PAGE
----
Spicy Sichuan Sesame Noodles: Chilled Lunch With A Kick

If Achilles had ever cooked, I’m convinced noodles would have been his heel.

Getting noodles — especially Asian-style noodles — just right has always been a bit of a mystery to me. In fact, nailing the consistency of noodles — just a smidge over al dente — is so daunting that I tend to avoid making pad thais and Southeast Asian mee gorengs at home. (My first pad thai attempt years ago, after all, resulted in me using chopsticks to pull apart gummy ropes of noodles that had been welded together into a mound. I’ve never tried to make this dish again.)

After a recent lunch at a Sichuan restaurant in New York where I had a fiery and ginger-speckled dish of spicy chilled sesame noodles, however, I simply couldn’t stop thinking about them.

So when my Let’s Lunch group of bloggers around the world who gather for a monthly lunch date suggested making cold entrees for August, I decided to get back on that horse …

To start, there are numerous recipes for spicy Sichuan noodles floating around the Internet. After looking at about a dozen, I took a little bit from each of a few and pieced my noodles together.

Now, the backbone of this recipe is New York Times restaurant critic Sam Sifton’s  “Takeout-Style Sesame Noodles” recipe — but I added a few other ingredients and doubled the amounts for the fixings after noticing that several Chinese home cooks (including a woman who grew up in Sichuan) tend to use about that amount of flavoring in their noodles.

And how did my noodles taste? Not as delicious as my lunch at Famous Sichuan — although I suspect those cooks have had far more notches on their noodle-making belts than I have.

But served chilled with a tall glass of iced Oolong tea, my Sichuan noodles made for the perfect summer lunch. Each bite was laced with a hint of Sichuan pepper powder, slick with the earthy combination of sesame paste and peanut butter and had a delightful crunch from toasted sesame seeds. I’d eat these any hot summer day — in fact, I made such a large batch that I did just that for almost a week. My one beef with it was that it could probably have been a little oilier — I may up the amount of oil I add the next time.

The one thing this experience made me feel, however, was regret. I had been too chicken to fathom making these noodles before. Well, never again. I’m already plotting the next Asian noodle adventure in my Brooklyn kitchen…


Don’t forget to check out the Let’s Lunchers’ cold entrees below! And if you’d like to join Let’s Lunch, go to Twitter and post a message with the hashtag #Letslunch — or, post a comment below.

Cathy‘s Jasmine Tea-Poached Shrimp Summer Rolls at Showfood Chef

Charissa‘s Smoked Salmon BLT with Dill-Horseradish Aioli at Zest Bakery

Charles‘s Cold Olive Oil-Poached Chicken, Potato & Watercress Salad with Buttermilk at The Taste of Oregon

Danielle‘s Cous Cous with Cilantro Pesto & Halloumi at Beyond The Plate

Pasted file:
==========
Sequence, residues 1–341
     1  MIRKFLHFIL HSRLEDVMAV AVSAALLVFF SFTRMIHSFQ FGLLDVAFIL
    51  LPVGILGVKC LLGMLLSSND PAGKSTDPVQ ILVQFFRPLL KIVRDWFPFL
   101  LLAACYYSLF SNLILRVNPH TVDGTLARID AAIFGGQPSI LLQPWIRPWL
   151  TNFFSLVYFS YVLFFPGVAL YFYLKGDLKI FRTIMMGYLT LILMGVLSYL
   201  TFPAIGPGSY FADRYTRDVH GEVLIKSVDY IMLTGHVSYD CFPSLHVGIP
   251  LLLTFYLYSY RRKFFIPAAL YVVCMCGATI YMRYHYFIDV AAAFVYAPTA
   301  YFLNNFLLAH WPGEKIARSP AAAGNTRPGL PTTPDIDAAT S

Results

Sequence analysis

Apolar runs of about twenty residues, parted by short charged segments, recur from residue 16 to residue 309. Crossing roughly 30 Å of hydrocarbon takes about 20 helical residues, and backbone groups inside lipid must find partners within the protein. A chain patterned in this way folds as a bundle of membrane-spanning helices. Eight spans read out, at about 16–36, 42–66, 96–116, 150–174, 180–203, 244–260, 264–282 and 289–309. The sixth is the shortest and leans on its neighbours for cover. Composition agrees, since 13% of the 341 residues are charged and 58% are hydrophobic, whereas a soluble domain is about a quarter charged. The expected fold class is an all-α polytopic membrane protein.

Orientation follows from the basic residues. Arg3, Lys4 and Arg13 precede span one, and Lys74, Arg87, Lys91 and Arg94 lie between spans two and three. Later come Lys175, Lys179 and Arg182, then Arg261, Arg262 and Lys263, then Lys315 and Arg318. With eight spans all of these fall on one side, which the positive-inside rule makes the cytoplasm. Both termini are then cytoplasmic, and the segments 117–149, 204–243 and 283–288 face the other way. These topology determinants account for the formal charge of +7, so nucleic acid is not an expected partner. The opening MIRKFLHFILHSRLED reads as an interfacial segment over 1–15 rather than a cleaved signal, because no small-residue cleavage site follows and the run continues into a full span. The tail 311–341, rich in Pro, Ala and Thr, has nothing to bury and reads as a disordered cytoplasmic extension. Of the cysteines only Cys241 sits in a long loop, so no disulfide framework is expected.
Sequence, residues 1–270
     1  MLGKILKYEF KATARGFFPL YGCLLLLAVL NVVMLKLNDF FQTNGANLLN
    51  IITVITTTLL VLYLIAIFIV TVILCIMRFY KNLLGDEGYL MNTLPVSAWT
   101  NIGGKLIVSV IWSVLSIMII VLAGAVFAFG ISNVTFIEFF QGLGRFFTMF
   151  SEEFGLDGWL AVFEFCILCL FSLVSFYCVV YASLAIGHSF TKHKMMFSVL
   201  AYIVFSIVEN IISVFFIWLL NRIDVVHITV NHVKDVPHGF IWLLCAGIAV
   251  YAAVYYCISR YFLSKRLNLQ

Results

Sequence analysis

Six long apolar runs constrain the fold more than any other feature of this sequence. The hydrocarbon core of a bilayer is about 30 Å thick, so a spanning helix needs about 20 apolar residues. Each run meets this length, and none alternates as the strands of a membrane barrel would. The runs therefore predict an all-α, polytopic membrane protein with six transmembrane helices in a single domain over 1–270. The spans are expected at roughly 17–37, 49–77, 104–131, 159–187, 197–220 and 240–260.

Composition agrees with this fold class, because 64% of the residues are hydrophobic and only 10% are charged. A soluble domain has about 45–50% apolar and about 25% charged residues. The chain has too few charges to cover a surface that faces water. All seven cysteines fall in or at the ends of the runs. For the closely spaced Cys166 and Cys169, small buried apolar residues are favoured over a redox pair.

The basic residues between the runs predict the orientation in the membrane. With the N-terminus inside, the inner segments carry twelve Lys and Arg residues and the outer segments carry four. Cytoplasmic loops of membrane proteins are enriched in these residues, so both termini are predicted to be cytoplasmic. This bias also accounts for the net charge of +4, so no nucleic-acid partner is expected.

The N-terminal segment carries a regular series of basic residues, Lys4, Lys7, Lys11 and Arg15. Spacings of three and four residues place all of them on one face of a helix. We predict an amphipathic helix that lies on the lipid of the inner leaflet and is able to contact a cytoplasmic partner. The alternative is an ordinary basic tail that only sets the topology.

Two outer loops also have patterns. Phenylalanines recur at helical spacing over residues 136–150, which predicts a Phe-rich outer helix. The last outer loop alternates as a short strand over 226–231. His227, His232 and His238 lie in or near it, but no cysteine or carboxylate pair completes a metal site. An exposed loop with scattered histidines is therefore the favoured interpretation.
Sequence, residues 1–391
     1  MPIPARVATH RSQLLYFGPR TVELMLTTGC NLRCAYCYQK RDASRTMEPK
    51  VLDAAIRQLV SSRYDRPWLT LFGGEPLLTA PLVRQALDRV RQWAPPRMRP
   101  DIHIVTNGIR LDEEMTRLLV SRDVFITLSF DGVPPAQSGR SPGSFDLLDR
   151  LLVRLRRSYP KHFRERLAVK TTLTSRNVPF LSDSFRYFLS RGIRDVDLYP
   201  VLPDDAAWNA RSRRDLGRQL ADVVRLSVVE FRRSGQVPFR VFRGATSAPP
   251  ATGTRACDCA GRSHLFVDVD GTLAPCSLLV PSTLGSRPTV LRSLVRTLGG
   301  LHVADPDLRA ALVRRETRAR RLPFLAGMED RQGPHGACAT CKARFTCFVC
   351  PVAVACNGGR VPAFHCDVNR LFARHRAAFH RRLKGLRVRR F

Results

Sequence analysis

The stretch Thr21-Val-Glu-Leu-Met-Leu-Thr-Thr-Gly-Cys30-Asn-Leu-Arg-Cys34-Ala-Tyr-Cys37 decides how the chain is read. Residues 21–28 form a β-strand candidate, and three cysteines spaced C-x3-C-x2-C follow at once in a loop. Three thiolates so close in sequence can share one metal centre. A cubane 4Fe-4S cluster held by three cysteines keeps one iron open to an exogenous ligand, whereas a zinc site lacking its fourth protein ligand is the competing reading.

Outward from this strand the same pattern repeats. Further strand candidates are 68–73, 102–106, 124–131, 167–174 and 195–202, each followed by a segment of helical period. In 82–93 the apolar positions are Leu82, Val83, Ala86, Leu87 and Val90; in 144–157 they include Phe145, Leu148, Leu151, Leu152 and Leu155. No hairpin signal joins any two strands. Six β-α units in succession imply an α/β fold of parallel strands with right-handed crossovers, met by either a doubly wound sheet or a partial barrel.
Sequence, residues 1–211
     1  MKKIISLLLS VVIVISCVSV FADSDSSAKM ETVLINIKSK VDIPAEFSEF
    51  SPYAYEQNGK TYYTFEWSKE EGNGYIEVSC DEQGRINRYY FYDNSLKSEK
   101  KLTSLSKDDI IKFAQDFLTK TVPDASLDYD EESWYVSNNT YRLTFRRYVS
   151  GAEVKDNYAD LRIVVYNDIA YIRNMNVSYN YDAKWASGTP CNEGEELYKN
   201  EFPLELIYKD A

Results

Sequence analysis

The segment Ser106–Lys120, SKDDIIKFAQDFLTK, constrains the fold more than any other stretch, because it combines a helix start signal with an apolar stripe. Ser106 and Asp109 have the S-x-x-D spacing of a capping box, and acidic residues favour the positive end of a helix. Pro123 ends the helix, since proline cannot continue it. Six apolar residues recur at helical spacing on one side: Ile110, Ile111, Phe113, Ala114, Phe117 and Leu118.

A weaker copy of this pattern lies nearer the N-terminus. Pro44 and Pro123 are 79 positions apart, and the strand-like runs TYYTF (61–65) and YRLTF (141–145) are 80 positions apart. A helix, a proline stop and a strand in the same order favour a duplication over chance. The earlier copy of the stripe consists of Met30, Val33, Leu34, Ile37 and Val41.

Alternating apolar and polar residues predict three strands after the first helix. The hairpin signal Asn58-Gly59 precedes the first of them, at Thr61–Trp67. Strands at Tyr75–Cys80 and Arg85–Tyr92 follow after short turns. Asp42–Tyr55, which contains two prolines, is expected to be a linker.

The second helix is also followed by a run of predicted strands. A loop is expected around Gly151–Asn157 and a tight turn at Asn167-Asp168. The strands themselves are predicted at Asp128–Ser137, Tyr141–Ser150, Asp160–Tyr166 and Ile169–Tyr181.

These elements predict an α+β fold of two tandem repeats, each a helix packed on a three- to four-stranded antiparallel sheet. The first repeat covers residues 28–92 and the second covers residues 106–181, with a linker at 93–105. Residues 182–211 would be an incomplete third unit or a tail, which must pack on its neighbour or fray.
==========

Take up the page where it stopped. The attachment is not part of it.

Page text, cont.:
Eleanor‘s Cold Noodles with Stir-Fried Vegetables, Hoisin Pork & Spicy Shrimp at Be A Wok Star

Emma‘s Korean Ice-Water Noodles (Mul Naengmyun) at Dreaming of Pots and Pans

Linda‘s Gazpacho Rolls Gone Wrong at Free Range Cookies

Lisa‘s Byron Sprout Salad with Chargrilled Chicken at Monday Morning Cooking Club

Mai‘s Strawberry Soup at Cooking in The Fruit Bowl

Maria‘s Croque Monsieur with Bechamel at Maria’s Good Things

Rashda‘s Indian-Style Gazpacho at Hot Curries & Cold Beer

Rebecca‘s Cold Roasted Lamb with Mustard & Rosemary at Grongar Blog

Victor‘s Seafood Napoleon at The Taste of Oregon


Chilled Spicy Sichuan Sesame Noodles

1 pound Shanghai noodles (1/8,-inch-thick), preferably fresh
4 TB Asian rice vinegar
1 to 1.5 TB sugar (to taste)
3 TB sesame oil
6 tsp chopped green onion
3 tsp toasted sesame seeds
4 TB minced garlic
4 tsp minced ginger
1.5 to 2 tsp ground Sichuan peppercorns (You can also use Sichuan peppercorn powder)
2 TB Sichuan peppercorn oil (to taste)
6 to 7 TB soy sauce
1 to 2 TB peanut butter
4 TB Chinese sesame paste

Bring a pot of water to boil then add noodles and cook for about five minutes. Drain and run cold water through the noodles and toss with a little bit of sesame oil.

Combine the rest of the ingredients in a bowl, whisking to mix them well. Pour gravy over noodles and toss. Serve chilled.


13 thoughts on “Spicy Sichuan Sesame Noodles: Chilled Lunch With A Kick

  1. I was just wishing that I wanted to go to Famous Sichuan after reading your review, so I was happy to see that you managed to post a recipe I can try for the time being.

    Cool and spicy — I love it!

  2. Kudos to you for making this, looks scrumptious. I must be doing something wrong cause the times I’ve made it, the sesame Tahini (instead of peanut butter) was so thick, I had to use a little warm water to get it moving!

    • Hmm…the sesame paste I bought in Chinatown was super oily. (It came with about a 3/4 inch layer of oil on top.) Once I mixed it all up it was the consistency of a thin chowder. Perhaps try that instead? This sauce I made was a little thicker than usual because I used peanut butter, too — Sam’s recipe calls for both so I tried it that way. I may leave out the peanut butter next time…

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  6. I love cold noodles!! You got me with the oily, spicy Szechuan combination, I’ve got a tub of peanut butter to use up and this may just be the perfect vessel. I hear your pain about sticky/gummy Asian noodles. The ones available here (kway teow, pad thai) are shrink-wrapped and stuck together so they’re a real pain to cook with. I’ve had much better success with egg noodles (mee kia).

    • I’ve been experimenting a lot with egg noodles recently — I’m on a quest to perfect the hawker center dry wanton mee sauce at home! I actually think I finally did it — only after two months of trying. Ha!

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